TURNER – It’s only takes a brief glance to know Cameron Angell and Matt Nash weren’t separated at birth. They’ve rarely been separated on the basketball court since then, though.

The Leavitt seniors, who Leavitt coach Mike Remillard calls his bookends, have been virtually inseparable since they started playing basketball together in the second grade. They, and their parents, have logged a lot of miles together to play their favorite sport.

“When we were younger, we’d play on anywhere from two to four teams at a time, year-round,” Angell said.

Nash’s mother, Karen, and Angell’s parents, Peter and Kelly, shuttled the boys to and from travel, school, AAU and pick-up games. The two boys wanted to play ball wherever and whenever they could, and usually did it together. “When we were younger, we played seven days a week,” said Nash. “Right after school, they’d pick us up, bring us to practice, feed us, bring us to another practice, go home. Same thing every single day. Games on weekends. It was a year-round thing, and they never complained.”

When they became freshmen at Leavitt, Remillard decided it was time to temporarily separate the bookends to ensure their long-term growth. Nash played the point for the J.V. Angell practiced with the J.V., but played for the varsity.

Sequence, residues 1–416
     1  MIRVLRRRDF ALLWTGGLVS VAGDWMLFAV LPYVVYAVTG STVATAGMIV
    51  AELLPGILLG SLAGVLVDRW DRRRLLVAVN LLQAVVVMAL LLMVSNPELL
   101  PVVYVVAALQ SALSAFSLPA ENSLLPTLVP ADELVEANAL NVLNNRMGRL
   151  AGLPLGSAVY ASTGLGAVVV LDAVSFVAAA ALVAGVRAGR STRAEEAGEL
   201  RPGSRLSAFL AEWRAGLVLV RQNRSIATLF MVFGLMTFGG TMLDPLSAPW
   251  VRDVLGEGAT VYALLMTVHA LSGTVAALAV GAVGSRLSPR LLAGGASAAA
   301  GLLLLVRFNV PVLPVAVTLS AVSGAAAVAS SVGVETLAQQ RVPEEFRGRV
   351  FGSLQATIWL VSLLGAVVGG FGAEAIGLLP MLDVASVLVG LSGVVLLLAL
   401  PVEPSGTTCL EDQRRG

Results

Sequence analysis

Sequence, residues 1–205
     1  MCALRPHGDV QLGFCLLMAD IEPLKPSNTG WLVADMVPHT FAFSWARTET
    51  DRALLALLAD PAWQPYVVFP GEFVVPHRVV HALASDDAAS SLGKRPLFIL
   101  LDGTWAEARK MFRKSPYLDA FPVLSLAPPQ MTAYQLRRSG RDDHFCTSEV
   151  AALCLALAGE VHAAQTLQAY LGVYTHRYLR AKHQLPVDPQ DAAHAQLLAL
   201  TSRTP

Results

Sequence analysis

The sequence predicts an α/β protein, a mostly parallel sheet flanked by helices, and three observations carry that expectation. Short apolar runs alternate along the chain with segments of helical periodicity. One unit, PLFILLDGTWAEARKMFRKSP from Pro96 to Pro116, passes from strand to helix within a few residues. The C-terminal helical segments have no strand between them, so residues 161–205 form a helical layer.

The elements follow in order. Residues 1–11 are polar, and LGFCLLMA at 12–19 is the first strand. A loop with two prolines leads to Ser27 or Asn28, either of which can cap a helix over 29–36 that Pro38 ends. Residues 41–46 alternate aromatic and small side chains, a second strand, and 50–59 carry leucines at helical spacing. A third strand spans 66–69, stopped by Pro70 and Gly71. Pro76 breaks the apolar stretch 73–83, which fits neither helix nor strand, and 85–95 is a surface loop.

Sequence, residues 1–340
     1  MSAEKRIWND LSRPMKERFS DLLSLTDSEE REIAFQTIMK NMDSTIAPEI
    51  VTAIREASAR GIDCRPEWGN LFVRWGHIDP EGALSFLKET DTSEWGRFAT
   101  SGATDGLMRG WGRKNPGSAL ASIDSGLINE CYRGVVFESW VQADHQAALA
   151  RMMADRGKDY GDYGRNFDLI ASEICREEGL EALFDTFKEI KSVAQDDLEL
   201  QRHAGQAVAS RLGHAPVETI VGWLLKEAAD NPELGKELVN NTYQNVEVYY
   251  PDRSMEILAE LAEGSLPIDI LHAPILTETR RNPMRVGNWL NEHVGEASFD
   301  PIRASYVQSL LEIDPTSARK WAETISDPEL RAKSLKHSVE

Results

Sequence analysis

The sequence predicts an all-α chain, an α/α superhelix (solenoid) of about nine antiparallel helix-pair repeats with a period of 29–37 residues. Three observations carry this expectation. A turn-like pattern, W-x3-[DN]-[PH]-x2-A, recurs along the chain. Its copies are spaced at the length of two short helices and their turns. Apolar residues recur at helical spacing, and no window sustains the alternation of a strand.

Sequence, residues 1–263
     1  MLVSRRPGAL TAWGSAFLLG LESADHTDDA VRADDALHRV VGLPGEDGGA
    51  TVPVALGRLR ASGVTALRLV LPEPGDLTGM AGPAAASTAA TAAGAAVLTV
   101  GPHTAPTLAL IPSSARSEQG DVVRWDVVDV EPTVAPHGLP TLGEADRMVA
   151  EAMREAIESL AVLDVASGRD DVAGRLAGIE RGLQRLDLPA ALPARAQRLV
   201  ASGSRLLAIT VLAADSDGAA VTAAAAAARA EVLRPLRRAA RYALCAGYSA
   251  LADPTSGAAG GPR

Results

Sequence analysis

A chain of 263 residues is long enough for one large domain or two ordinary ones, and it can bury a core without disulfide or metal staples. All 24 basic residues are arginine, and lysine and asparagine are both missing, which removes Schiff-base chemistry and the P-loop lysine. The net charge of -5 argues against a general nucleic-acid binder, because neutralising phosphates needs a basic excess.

“It forced Matt to be a better ball-handler and more of a leader without having Cam as a shadow or overshadowing him,” Remillard said. “I needed to get him ready in advance to play point guard, and Cameron was brought in to varsity to see what it was about.”

They were reunited their sophomore year and played valuable supporting roles on the 2004-05 Hornets, the first Leavitt team to play in Bangor.

“It was great to play in that atmosphere. There was nothing like it – the intensity of the game, the speed of the game,” Nash said. “It was just so much fun playing at that level. It makes me want to work even harder to get back there.”

If they get back there (only this time, it will be in Augusta), it will be with Angell and Nash leading the way. The 6-foot-6 Angell is one of the most explosive players in the KVAC, capable of posting a triple-double on any given night, as he did in last week’s win against Lewiston. He had to pick up some of the slack in that game, as Nash had to sit on the sidelines recovering from a concussion.

While the offense typically goes through Angell, Nash is the floor general, a 6-foot-4 guard who can rebound and get the Hornets’ break going immediately.

“Matt’s a great player when he’s not injured,” Angell joked. “You can tell when he’s out, though, because he’s the point guard. He runs the show. When he’s not out there, you can tell that we’re lacking something.”

It’s not surprising, then, that Angell feels the loss of Nash the most, or vice versa, when one is out of the lineup or off his game on a particular night.

“There’s such a comfort factor between the two of them that it’s almost like they’re playing like three guys instead of two,” Remillard said.

“We feed off of each other’s energy,” Nash said. “If one person gets pumped up, it pumps the other person up. If one person is working hard in practice, you want to work that hard, too. It’s like a competition, but a friendly competition, because we both want to get that much better.”

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